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San Diego
Saturday, May 18, 2024

Shoe Co.’s New Line Takes Untraditional Path

Kevin Gordon brings a fascination for history to work with him.

That and a helping of patience are good things to have at Pinnacle Brand Group Inc. In the fashion industry, everything that’s outdated eventually becomes trendy again.

Classic styles such as the brogued wingtip — which some may have dismissed as something from a grandfather’s closet — are selling. Those 1990s styles with the squared-off toes? Not so much.

Pinnacle produces men’s shoes under the 19-year-old Gordon Rush brand as well as newer brands. Thirty percent of the company’s business is designing and sourcing shoes for other companies. That gives Pinnacle advantages in the market including the ability to buy in volume, said the 42-year-old Gordon, who is president of the family held company.

The business started a new brand called Blake McKay this year. With it, the Miramar-based business hopes to offer premium products at accessible prices, in part by eliminating retail middlemen and doing without a salesforce.

“If Blake McKay was distributed traditionally, there would be a lot more overhead,” Gordon said.

The business describes the Blake McKay line as modern updates to classic dress shoes. The line also includes sneakers. Prices range from $90 to $150. Pinnacle sources the shoes from factories in China and Italy.

DSW Sales

Blake McKay is selling its shoes exclusively through Columbus, Ohio-based DSW Inc.’s retail stores and on the DSW website. There will also be sales on the Blake McKay website.

DSW (NYSE: DSW) stands for Designer Shoe Warehouse. It has 500 stores in 43 U.S. states and operates 396 leased departments for other retailers. The publicly traded company also has a stake in Town Shoes of Canada, which operates 188 stores under several banners.

DSW had $2.7 billion in revenue in 2016, up from $2.6 billion in 2015. Some 22 percent of its business is men’s footwear, 69 percent is women’s footwear, and 9 percent is accessories. That mix is unchanged since 2014.

The Ohio-based corporation has been active locally. DSW acquired San Diego-based e-commerce retailer Ebuys Inc., which sells footwear and accessories, for more than $62 million in February 2016. Later in 2016, DSW agreed to distribute custom-fitted, 3-D printed shoes produced by a San Diego startup called Feetz.

Classic Boots

The Pinnacle offices include a collection of classic shoes and boots from the 20th century, and stacks of vintage magazines. “We look at this stuff for inspiration,” Gordon said.

One inspiration is a historic business called Hood Rubber Co. Pinnacle revived a shoe brand that thrived in the early 1900s and went extinct sometime in the 1960s. Hood made shoes and tires early in the 20th century, and rubber boots for the Defense Department during World War II and the Korean War. It also made basketball shoes.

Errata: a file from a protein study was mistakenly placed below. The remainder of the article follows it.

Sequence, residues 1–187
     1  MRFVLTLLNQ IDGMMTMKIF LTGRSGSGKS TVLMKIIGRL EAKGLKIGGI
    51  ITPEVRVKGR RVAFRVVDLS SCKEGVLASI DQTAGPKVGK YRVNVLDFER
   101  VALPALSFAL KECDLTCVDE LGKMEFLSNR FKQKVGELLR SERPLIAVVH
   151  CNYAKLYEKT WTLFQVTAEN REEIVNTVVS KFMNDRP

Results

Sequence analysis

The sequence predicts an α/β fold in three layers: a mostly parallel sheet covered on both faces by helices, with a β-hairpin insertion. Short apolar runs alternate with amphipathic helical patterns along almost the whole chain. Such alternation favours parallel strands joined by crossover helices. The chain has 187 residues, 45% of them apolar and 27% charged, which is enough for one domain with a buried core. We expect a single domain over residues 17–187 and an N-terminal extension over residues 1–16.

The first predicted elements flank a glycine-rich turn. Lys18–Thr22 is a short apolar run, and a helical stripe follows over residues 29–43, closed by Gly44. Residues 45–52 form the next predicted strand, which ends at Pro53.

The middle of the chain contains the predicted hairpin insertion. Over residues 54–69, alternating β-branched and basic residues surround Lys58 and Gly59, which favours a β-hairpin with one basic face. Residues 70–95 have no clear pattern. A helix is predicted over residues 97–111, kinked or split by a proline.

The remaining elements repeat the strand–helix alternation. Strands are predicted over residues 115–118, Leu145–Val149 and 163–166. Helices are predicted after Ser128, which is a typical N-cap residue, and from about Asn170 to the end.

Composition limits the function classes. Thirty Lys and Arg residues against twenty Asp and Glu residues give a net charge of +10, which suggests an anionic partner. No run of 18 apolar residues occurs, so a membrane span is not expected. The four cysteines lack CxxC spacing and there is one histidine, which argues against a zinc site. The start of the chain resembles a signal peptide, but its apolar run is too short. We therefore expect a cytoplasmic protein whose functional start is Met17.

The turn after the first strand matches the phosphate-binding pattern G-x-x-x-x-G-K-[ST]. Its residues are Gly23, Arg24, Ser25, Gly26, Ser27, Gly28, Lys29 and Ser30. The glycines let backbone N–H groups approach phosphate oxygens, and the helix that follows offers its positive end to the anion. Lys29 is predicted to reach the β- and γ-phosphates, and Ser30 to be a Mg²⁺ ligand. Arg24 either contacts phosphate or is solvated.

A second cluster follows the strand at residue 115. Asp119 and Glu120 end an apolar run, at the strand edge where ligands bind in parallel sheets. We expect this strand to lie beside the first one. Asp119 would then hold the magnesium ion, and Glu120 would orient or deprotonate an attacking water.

Pinnacle’s take on the Hood brand, which went on the market in 2016, is more casual than dressy. Many products resemble hiking boots. The shoes are made in Italy and Portugal, and sell in the $295 to $500 range. Pinnacle sells its line through retailers.

The shoes are for “the doers, the makers and the creatives,” according to copy on the Hood website — which sounds a lot like millennials.

A Hood shoe is kind of “like a Range Rover,” Gordon said. You could conceivably take it off-road, but you won’t.

Pinnacle’s oldest brand, Gordon Rush, is sold in traditional department stores and online. It offers classic styles and prices range from $225 to $600.

The demand for luxury goods such as a good pair of shoes seems good. On the day Gordon spoke with the San Diego Business Journal, Michael Kors Holdings Ltd. announced plans to buy women’s shoemaker Jimmy Choo PLC for $1.2 billion.

President: Kevin Gordon

Revenue: Undisclosed

No. of local employees: 21

Investors: Gordon family members

Headquarters: Miramar

Year founded: 2009

Company description: Designer and producer of men’s shoes.

Kevin Gordon
Photo courtesy of Pinnacle Brand Group Inc.

Formed a Holding Company

Pinnacle has come a long way since the San Diego Business Journal profiled the business, then known as Gordon Rush, in December 2001. At the time, Kevin Gordon was vice president and brother Alan Gordon was CEO.

Gordon Rush had opened a store in University Towne Center in 1998 as a way of getting the word out about the brand. Then they rolled out the brand in Nordstrom department stores, beginning with Orange County’s South Coast Plaza. By 2001, Gordon Rush shoes were in 50 Nordstrom stores, revenue exceeded $2.5 million, and the UTC store was pretty much an afterthought.

The business formed a holding company called Pinnacle Brand Group in 2009. Kevin Gordon declined to give his current revenue figures, but said the company is profitable.

The business has 25 employees now, up from the eight it had in 2001. Most employees are in San Diego.

Gordon said he chose Blake McKay as the name of his new brand because of history. Blake and McKay were actually two people who, on the eve of the U.S. Civil War, invented and financed a specialized sewing machine that stitched together the outsole and upper portions of a shoe. McKay reportedly gave the machines to factories, asking only for a few cents on every shoe produced. When the patent expired, he sold the machines. He became a rich man.

“I’m kind of a history buff,” Gordon said.

If he could, Gordon said, he’d like to build a factory in the United States. That would be a “passion project,” he said.

“A lot of this is a passion project for me,” he said.


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